With the exception of the law that requires women to wait 24 hours between meeting a health care provider and getting an abortion, fewer than half of Democrats and independents support these laws.
In states that have protected the right to an abortion, there is growing momentum to provide public funding to support their clinics to provide abortion care to out-of-state women who seek an abortion in their state. Among those who live in a state that has laws in place protecting the right to an abortion, majorities oppose (56%) using public funding to cover these costs. However, two-thirds (64%) would support a law that would require all employer provided health insurance plans to cover an abortion.
If abortion is banned in many states across the country, the costs associated with obtaining an abortion will increase for those who are able to travel out of state to obtain abortion services. Some employers have begun offering to cover travel expenses for employees who need to travel out of state to obtain an abortion. Asked if they would support or oppose employers paying the travel costs for an employee to travel out-of-state to obtain an abortion if abortion is not available where they reside, a slim majority (51%) of U.S. adults say they would support this and 47% oppose. Seven in ten (72%) Democrats support this, and nearly eight in ten (78%) Republicans oppose. Independents are divided, with about half saying they support (53%) or oppose (44%) this workplace benefit. Younger adults across gender are more likely than their older counterparts to support this benefit.
Gaps Remain in Public’s Knowledge About Abortion, Birth Control
This KFF poll examines what Americans know about abortion services and finds there are significant knowledge gaps on the prevalence and the overall safety of abortions.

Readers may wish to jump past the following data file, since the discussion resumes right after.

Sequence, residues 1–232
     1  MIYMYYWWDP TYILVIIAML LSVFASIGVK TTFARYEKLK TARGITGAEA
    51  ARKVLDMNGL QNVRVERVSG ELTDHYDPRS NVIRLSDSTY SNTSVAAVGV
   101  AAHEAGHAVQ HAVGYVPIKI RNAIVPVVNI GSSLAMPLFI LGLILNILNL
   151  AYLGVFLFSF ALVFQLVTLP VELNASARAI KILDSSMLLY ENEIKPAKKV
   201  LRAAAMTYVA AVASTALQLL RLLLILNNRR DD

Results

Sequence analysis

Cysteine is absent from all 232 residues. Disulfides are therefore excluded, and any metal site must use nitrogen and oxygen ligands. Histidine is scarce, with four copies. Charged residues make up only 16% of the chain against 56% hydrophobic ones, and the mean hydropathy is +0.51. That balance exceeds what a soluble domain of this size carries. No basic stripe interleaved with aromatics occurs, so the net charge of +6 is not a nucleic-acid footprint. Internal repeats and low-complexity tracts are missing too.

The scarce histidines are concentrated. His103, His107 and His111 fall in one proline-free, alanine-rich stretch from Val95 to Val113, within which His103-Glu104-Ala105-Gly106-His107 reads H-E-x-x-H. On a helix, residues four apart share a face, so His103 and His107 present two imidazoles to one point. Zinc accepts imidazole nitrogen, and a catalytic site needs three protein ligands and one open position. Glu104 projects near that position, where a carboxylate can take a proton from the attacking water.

How common are abortions? The number of abortions performed in the U.S. has been steadily decreasing over the last several decades, and reached a historic low in 2017, of 11.4 abortions per 1,000 women ages 15 to 44, although it increased slightly (by 2%) between 2017 and 2019. The decline in abortion rates is often attributed to greater affordability of contraception and increased use of highly effective long-acting reversible contraception such as IUDs and contraceptive implants. Still, using 2014 abortion rates, an estimated 1 in 4 reproductive-aged women (24%) will have had an abortion by age 45.
Does abortion cause breast cancer? No. The link between abortions and breast cancer has been refuted by The National Cancer Institute (NCI) and the American College of Obstetricians and Gynecologists (ACOG) but was used in misinformation campaigns from the 1970s until the early 2000s.
Does abortion cause infertility? No. A major study of the quality and safety of abortion by the National Academies of Science, Engineering, and Medicine found no association between abortion and secondary infertility. Only a minute fraction (0.23%) of legal abortions in a clinical setting in the U.S. have complications that could lead to infertility.
At what point in pregnancy do most abortions occur? The vast majority of abortions occur early in pregnancy; most (79%) occur at ≤9 weeks gestation, while almost all (93%) are performed at ≤13 weeks gestation (also referred to as the 1st trimester). Abortions later in pregnancy, at ≥21 weeks gestation, are rare, comprising only 1.2% of all abortions.
Two-thirds of U.S. adults (64%) say that they or someone they know has had an abortion, including at least six in ten Democrats, independents and Republicans, men, and women. Yet, about half of U.S. adults (49%) incorrectly say that less than 10% of women in the U.S. have had an abortion, when the actual share is closer to one-quarter. Men are more likely than women to underestimate the share of women who have had an abortion, with six in ten (56%) of men saying it is true that less than 10% of women have had an abortion.
A large majority of the public (87%) across partisan and age groups correctly says that it is false that a woman who has gotten an abortion has a higher risk of getting breast cancer. However, a small share (9%) of all adults, rising to 13% of Republicans, believe this to be true. Three quarters (72%) of U.S. adults correctly say that a woman who has gotten an abortion will not have a harder time getting pregnant again, while one-fourth (26%) say that this statement is true, rising to one-third of Republicans.